People’s Party against private members bill


PEOPLE’S Party, a coalition partner in Government, will not be supporting the private members bill initiated by Gumine MP Nick Kuman to replace limited preferential voting (LPV) system or model of voting.
The party has on Tuesday resolved to go against the move by the Government to re-introduce the first-past-the-post (FPTP) voting system in the 2022 national general election.
People’s Party is against this move for a number of reasons.
The FPTP system does not elect a leader by popular voting population.
Under the FPTP system, only a few percentage of the voting population select a leader just because the candidate has scored huge votes from few locations only.
Hence, it does not represent the opinions of the entire voting population.
Unlike the FPTP system, LPV ensures that a widely-elected leader is chosen and that is acceptable for a country such as Papua New Guinea, which comprises different tribal groupings and language groups.
This is why LPV is our preferred option.
FPTP was replaced with LPV because of serious problems associated with the voting system.
The main reason among others was corruption and vote rigging by candidates and supporters using heavy handed tactics.
The dominant groups with a handful of supporters often used heavy handed tactics to rig the voting process and sabotage others so that only the dominant succeeds.
The system was so unfair and the notion of universal suffrage was not exercised, wherein every eligible voter has the right and freedom to choose their leader in a fair and democratic manner. We oppose the move because it is ill-conceived and against the principle for democracy in this country.
Peoples Party is often identified with anti-corruption, upholds the rule of law, supports the system of government and processes and values ideal democratic principles of government.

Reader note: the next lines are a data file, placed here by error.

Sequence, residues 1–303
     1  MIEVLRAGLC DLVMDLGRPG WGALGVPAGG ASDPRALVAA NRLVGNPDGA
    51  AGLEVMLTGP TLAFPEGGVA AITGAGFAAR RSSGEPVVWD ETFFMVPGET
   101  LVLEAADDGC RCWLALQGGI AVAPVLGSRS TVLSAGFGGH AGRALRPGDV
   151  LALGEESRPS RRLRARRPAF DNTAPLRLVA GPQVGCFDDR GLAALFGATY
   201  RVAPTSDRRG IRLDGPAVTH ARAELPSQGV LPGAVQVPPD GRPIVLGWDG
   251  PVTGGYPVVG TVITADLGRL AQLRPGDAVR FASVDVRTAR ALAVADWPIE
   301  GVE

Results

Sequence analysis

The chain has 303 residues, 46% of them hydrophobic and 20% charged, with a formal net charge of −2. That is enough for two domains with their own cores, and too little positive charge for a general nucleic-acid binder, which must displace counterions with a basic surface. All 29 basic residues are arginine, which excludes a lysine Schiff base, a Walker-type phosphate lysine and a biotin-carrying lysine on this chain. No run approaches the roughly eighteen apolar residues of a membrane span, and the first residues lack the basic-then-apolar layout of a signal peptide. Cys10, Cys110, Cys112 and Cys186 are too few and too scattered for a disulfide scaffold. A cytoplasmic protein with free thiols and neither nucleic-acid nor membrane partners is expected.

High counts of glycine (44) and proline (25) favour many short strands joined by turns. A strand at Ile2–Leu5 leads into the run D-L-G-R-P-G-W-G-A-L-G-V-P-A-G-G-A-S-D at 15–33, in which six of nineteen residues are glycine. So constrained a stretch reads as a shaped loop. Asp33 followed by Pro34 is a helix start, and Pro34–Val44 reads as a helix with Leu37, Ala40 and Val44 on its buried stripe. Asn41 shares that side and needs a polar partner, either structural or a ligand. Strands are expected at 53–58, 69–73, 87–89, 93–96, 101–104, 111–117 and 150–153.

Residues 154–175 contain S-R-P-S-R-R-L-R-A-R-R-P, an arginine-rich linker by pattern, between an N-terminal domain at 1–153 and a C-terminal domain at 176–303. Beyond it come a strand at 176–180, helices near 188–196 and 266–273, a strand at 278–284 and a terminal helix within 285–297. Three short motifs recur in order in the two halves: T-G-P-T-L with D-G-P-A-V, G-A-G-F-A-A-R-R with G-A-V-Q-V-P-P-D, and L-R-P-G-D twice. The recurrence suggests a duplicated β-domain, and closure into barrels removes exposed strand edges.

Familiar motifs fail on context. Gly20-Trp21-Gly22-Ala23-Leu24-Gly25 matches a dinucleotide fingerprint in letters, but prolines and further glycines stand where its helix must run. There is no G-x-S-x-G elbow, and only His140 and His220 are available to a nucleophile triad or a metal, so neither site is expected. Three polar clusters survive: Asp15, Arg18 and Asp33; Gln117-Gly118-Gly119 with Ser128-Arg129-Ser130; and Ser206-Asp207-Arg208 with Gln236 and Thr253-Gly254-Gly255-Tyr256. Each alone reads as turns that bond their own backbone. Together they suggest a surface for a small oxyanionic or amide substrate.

Compared to FPTP, People’s Party believes that LPV is arguably the most democratic form of voting as it offers three choices to the people. For PNG, particularly in the Highlands where tribal groupings are so strong, FPTP is not an acceptable method of electing a leader.
LPV is the cutting-edge option.
Elections in PNG have become a tribal business where voters are not given the opportunity to freely vote their candidates of choice.
Should the FPTP be reintroduced, there will be a lot of election-related problems.
We have a lot of pressing issues to address going into the elections next year, so we should look at addressing them instead of creating more problems that will get things from bad to worse.
The country is not in a good position for another change in the electoral process.
The election is just a few months away and we are yet to update the common roll.
We, as a party, want to see a safe and fair election next year where people are given the opportunity to choose their leaders freely and fairly.
Freedom and fairness in voting is provided by the LPV system and not FPTP.

Dr William Tongamp and
Sir Peter Ipatas,
People’s Party Leader and